We former players have the privilege of looking back on careers and eulogising, and why not? Yet Phil, like us all, had his weaknesses, of course. Despite his many tries, he didn’t always realize how difficult he was to tackle, with his low running style and powerful shoulders. When tight to the touchline, he would often kick ahead when pure power and pace would have done the trick. He could also (in the tradition of many good wingers!) be shaky under the high ball. Yet a moment of vulnerability could be followed by a flash of skill: scooping the ball one-handed off the ground while at full pace and going 60 yards to score, against a powerful RAF Strike Command XV, or saving a match, for example in the Bucks 7s when HW’s strong 2nd VII was facing defeat to Slough 1sts. With 3 minutes to go, he ran from his own 22, not once but twice to score and win the match. In contrast to the 140 yard try described earlier, it didn’t always have to be an out-and-out sprint: he could accelerate, cut a new angle, find new space and accelerate again. He was at his best when there was a little space to go for and he was not restricted by a touchline
Phil was 33 when he, Andrea and their first daughter Felicity moved to Norway but in some ways his rugby career was only just beginning.
He not only played club rugby in Norway but became an international, playing for Norway against Finland and Denmark in a knockout tournament as part of World Cup qualification. Against Finland he plundered six tries…and you know how those Finns can run!
Phil was posted back to Scotland where their second daughter Beth was born. When they moved to South Queensferry near Edinburgh, Phil joined Linlithgow RUFC. A few years later, aged 36, he was invited to join the Aberdeen Strollers, a “Golden Oldies” team made mainly from ex Aberdeen Grammar Former Pupils for whom he played into his late 40s.
The Strollers liked touring. Phil went on tours to Dublin and to Canada and the whole family travelled to Golden Oldies tournaments in Toulouse and New Zealand. They all booked the flight to a tournament in Adelaide, Australia too, but after a while, Phil and Andrea realised the rest of the team were not going to make the trip. Andrea’s sister Liz lived in Adelaide, and after all the tournament was still going ahead, so the family went, and proudly marched in front of a Scottish Pipe Band at the opening ceremony. Needless to say, Phil was quickly adopted by another team who donated a shirt with “Baby Stroller” on the back, in honour of his relative youth.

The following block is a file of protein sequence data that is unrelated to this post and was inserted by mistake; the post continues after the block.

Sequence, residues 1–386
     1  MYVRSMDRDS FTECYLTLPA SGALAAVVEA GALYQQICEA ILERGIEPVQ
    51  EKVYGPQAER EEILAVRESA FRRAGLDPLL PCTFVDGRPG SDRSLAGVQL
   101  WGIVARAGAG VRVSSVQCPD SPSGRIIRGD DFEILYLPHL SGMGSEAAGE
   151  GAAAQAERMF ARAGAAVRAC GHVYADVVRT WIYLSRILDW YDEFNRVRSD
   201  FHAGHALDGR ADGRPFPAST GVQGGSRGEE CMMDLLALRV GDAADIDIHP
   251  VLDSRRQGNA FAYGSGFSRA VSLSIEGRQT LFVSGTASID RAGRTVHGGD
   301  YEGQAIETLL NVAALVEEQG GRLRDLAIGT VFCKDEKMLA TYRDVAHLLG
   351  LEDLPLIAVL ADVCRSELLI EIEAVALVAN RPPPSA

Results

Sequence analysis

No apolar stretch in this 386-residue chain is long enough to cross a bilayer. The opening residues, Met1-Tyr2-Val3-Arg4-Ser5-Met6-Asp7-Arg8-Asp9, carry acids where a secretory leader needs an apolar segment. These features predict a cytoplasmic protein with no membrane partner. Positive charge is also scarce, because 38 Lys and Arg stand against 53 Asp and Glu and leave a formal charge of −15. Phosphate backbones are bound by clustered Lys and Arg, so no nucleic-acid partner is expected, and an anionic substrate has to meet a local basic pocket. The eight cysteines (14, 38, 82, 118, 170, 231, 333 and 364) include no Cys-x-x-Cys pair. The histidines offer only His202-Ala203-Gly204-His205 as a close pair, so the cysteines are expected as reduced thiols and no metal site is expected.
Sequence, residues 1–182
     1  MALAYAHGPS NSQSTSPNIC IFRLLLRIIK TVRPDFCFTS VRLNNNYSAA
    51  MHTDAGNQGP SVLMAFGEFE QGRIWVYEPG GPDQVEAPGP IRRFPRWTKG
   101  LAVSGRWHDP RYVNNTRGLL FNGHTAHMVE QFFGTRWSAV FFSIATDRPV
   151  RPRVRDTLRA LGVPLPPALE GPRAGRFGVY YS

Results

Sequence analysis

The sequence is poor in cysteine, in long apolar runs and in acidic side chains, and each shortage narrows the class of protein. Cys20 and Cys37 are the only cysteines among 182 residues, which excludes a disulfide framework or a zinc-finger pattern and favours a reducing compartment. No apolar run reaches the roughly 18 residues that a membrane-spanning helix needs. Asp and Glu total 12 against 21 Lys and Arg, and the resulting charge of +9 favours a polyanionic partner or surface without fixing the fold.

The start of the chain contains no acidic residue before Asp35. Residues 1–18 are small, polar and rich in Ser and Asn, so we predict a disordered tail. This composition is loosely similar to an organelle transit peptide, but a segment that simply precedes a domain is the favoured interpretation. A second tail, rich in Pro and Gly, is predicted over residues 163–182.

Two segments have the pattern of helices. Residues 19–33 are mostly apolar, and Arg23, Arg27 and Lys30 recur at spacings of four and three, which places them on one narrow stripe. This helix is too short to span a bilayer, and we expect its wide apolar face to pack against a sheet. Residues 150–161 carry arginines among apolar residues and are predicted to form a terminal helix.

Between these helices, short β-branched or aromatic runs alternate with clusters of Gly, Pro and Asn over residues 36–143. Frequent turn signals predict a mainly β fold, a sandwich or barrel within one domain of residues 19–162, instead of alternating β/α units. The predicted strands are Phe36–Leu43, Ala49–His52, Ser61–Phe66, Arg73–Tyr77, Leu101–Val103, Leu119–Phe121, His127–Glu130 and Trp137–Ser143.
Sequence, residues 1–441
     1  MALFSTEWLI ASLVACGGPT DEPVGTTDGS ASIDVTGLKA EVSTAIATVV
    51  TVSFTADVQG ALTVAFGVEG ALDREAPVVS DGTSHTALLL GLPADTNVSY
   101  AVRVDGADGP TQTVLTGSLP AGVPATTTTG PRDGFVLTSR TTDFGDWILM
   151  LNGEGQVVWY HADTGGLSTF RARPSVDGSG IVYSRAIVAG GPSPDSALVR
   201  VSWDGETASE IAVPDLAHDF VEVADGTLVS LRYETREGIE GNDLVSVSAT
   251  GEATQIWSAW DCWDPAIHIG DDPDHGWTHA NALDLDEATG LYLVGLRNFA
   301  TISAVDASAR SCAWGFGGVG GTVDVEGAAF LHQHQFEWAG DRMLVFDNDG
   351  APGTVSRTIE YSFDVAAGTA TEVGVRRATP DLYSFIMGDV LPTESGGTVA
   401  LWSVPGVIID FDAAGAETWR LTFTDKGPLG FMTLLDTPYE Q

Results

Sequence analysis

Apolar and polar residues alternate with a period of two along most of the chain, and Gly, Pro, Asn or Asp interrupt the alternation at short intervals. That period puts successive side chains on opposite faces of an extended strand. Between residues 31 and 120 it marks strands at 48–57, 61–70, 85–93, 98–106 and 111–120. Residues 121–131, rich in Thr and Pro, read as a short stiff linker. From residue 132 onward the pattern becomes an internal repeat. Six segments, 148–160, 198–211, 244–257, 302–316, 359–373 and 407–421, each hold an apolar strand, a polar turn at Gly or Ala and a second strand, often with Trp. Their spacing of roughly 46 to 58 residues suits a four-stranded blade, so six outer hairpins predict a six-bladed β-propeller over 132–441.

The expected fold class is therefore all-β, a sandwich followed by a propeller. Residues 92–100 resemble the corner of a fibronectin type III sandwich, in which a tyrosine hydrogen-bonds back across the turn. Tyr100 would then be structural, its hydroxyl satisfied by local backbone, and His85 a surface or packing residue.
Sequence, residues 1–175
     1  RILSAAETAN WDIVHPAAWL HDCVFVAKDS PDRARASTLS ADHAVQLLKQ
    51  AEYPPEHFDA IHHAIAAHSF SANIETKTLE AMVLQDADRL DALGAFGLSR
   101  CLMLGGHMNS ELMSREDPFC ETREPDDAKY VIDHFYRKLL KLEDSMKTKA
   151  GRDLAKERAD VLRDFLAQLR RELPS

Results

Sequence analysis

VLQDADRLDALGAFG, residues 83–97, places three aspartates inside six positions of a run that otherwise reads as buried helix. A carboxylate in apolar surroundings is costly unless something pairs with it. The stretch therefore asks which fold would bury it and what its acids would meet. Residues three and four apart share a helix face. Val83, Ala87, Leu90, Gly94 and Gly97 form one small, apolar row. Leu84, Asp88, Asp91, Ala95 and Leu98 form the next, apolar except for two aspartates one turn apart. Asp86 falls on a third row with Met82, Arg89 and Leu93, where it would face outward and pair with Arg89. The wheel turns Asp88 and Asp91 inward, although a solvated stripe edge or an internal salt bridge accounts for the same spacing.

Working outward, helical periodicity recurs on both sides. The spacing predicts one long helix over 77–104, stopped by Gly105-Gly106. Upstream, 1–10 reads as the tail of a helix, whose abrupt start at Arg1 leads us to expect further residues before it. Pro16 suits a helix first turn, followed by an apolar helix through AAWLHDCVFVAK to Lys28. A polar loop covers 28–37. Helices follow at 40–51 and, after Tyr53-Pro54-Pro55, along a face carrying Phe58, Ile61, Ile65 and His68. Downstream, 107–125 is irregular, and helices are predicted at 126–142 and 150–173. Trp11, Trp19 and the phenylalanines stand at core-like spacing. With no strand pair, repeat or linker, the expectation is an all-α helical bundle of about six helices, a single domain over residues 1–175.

In Scotland he would play in an annual Boxing Day match for a team dubbed “The Exiles” against “The Scots”. The geographical inconvenience of one particular Christmas spent with Andrea’s family in Sussex, didn’t deter him. A car journey to Gatwick well before dawn saw him on the red-eye flight to Edinburgh for the early kick-off. This left plenty of time for celebration in traditional Scottish fashion before a late return to the south of England and family, somewhat the worse for wear.
It is difficult to say exactly when Phil stopped playing rugby and even Andrea cannot remember when it was. It must have been hard to do so after so many years playing for RGS High Wycombe, HWRUFC (three spells), Aberdeen FP, Norway, Linlithgow, Aberdeen Strollers, BP and The Exiles, not to mention guest appearances for many clubs, the innumerable tries and his contribution to rugby in general.
Phil was a gentle man, committed to his growing family. A keen singer, he managed to sing and perform for the G&S Company in Edinburgh, in every operetta ever written by Gilbert and Sullivan. He remained for a long time actively involved in local church affairs where, as always he was respected for his quiet wisdom.
It was in 2011 that he was taken to the doctors by Andrea. Eight months of tests and appointments followed and then Phil was diagnosed with an extremely rare brain disease, including dementia, for which there is no cure.
They decided to live life to the full, travelling wherever they could and spending as much time with Felicity, her husband Neil and their daughter Annabel, and with Beth and her husband Mike.
An illness like Phil’s does not discriminate. It has no respect for athletes who could run like the wind, and as time passed and Phil became less well, Andrea took on the role of Phil’s carer along with Felicity who lived nearby in Dundee, an area Phil and Andrea moved to in 2014. She was able to look after him at their home until the last two weeks of his life.
Phil passed away quietly in his sleep, at Stratheden Hospital in Fife, on 3rd March 2019, with Andrea at his side.